First of all: Do you even know that your router can do this? Most routers I've seen do not have this level of traffic understanding and management.
If your router does, then there is one of two ways that such data is generally made available:
1) Through a HTTP interface (password protected)
2) Through an SNMP interface
To retrieve the appropriate HTTP URL, you simply get it as you would any other web page. Try something like: http://www.csharp-station.com/HowTo/HttpWebFetch.aspx
To retrieve the SNMP settings, there are many options; try this question: What is the best SNMP library to use with .NET?
However, most likely, your router will not actually have this information available.
So, edit: If your router doesn't support side-chaining, and doesn't support SNMP or similar statistics, then you can't do this in the general sense.
You could spin up a Linux box as the gateway for the machines, and use NAT session statistics to monitor this. The way to do this is to have two network interfaces (logical or physical), one of which gets an IP from your modem, and the other which is the default gateway for the wireless network. Turn on IP forwarding and masquerading (NAT) as well as a DHCP server for the wireless network side. Now, you can use iptables to look at active NAT sessions and how much data has been transferred. You can also use packet filters for more specific information.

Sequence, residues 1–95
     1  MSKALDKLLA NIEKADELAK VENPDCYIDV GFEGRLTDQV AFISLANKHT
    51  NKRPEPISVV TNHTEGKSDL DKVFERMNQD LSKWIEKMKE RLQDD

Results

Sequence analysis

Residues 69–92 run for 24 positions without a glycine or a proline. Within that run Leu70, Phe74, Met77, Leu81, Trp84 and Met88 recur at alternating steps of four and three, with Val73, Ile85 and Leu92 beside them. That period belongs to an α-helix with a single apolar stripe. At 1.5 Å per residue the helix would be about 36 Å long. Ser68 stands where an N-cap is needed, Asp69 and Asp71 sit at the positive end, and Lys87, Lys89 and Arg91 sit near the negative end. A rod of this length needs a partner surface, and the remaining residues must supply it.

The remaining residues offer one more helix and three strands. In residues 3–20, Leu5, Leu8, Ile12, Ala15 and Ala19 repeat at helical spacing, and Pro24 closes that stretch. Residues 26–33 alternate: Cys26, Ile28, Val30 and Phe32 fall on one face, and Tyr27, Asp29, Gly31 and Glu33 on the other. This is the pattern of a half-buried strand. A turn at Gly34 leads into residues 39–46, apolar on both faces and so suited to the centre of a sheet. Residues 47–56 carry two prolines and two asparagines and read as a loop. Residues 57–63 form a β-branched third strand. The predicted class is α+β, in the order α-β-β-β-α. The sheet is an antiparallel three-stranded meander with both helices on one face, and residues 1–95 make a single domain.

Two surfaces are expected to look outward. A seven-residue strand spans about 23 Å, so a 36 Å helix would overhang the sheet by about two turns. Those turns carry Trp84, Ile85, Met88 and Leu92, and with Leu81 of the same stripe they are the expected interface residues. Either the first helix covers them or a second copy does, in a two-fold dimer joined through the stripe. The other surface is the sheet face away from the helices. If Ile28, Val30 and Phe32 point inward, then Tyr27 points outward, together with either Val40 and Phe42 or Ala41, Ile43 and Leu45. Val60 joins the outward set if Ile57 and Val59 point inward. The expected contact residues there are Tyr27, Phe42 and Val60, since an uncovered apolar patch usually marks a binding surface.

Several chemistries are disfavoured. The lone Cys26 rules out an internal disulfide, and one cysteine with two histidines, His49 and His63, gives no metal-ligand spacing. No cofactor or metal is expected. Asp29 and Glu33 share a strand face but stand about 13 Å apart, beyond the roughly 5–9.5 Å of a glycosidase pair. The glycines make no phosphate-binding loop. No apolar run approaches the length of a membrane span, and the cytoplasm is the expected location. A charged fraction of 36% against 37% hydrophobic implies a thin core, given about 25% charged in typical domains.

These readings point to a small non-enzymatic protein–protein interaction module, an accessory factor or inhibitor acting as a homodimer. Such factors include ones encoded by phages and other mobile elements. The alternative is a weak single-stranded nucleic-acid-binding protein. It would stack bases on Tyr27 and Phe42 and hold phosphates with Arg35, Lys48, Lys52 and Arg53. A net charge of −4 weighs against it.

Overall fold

Also, if you know which machine is doing the downloading, and are running Windows, you can use WMI ("perfmon.exe" to plot this) to see how much data is being transfered on the actual machine.